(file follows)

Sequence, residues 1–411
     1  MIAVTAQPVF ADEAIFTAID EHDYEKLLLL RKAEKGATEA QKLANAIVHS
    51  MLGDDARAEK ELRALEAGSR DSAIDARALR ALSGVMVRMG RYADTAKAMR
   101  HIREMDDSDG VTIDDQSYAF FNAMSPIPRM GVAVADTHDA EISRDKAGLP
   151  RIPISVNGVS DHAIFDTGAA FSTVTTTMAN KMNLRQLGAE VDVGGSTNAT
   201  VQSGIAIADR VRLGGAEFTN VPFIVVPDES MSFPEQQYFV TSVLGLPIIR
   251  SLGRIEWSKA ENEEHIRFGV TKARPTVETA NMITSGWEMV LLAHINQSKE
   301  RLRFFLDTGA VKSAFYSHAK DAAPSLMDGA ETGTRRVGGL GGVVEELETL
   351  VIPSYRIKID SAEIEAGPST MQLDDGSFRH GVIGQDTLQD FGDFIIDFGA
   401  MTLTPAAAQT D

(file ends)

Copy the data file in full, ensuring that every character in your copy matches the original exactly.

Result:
Sequence, residues 1–411
     1  MIAVTAQPVF ADEAIFTAID EHDYEKLLLL RKAEKGATEA QKLANAIVHS
    51  MLGDDARAEK ELRALEAGSR DSAIDARALR ALSGVMVRMG RYADTAKAMR
   101  HIREMDDSDG VTIDDQSYAF FNAMSPIPRM GVAVADTHDA EISRDKAGLP
   151  RIPISVNGVS DHAIFDTGAA FSTVTTTMAN KMNLRQLGAE VDVGGSTNAT
   201  VQSGIAIADR VRLGGAEFTN VPFIVVPDES MSFPEQQYFV TSVLGLPIIR
   251  SLGRIEWSKA ENEEHIRFGV TKARPTVETA NMITSGWEMV LLAHINQSKE
   301  RLRFFLDTGA VKSAFYSHAK DAAPSLMDGA ETGTRRVGGL GGVVEELETL
   351  VIPSYRIKID SAEIEAGPST MQLDDGSFRH GVIGQDTLQD FGDFIIDFGA
   401  MTLTPAAAQT D